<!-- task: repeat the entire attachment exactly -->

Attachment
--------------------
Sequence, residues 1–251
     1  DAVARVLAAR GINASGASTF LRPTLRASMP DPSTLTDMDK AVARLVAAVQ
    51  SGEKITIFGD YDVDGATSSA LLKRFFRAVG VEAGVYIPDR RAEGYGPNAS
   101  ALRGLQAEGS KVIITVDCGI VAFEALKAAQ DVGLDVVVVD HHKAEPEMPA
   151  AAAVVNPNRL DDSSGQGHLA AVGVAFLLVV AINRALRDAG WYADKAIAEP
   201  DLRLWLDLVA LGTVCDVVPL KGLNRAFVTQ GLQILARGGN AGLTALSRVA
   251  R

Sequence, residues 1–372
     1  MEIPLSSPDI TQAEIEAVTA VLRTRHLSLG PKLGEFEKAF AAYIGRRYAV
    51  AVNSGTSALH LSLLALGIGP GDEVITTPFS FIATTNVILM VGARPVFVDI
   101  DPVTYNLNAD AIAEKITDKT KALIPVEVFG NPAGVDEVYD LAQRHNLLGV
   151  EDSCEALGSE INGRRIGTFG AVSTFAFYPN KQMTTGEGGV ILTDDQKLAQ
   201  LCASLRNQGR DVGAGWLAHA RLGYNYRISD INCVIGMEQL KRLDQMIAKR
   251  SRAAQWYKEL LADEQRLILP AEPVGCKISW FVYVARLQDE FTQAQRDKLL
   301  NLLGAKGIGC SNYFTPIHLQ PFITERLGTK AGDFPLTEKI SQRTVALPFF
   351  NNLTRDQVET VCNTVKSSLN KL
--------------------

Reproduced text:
Sequence, residues 1–251
     1  DAVARVLAAR GINASGASTF LRPTLRASMP DPSTLTDMDK AVARLVAAVQ
    51  SGEKITIFGD YDVDGATSSA LLKRFFRAVG VEAGVYIPDR RAEGYGPNAS
   101  ALRGLQAEGS KVIITVDCGI VAFEALKAAQ DVGLDVVVVD HHKAEPEMPA
   151  AAAVVNPNRL DDSSGQGHLA AVGVAFLLVV AINRALRDAG WYADKAIAEP
   201  DLRLWLDLVA LGTVCDVVPL KGLNRAFVTQ GLQILARGGN AGLTALSRVA
   251  R

Sequence, residues 1–372
     1  MEIPLSSPDI TQAEIEAVTA VLRTRHLSLG PKLGEFEKAF AAYIGRRYAV
    51  AVNSGTSALH LSLLALGIGP GDEVITTPFS FIATTNVILM VGARPVFVDI
   101  DPVTYNLNAD AIAEKITDKT KALIPVEVFG NPAGVDEVYD LAQRHNLLGV
   151  EDSCEALGSE INGRRIGTFG AVSTFAFYPN KQMTTGEGGV ILTDDQKLAQ
   201  LCASLRNQGR DVGAGWLAHA RLGYNYRISD INCVIGMEQL KRLDQMIAKR
   251  SRAAQWYKEL LADEQRLILP AEPVGCKISW FVYVARLQDE FTQAQRDKLL
   301  NLLGAKGIGC SNYFTPIHLQ PFITERLGTK AGDFPLTEKI SQRTVALPFF
   351  NNLTRDQVET VCNTVKSSLN KL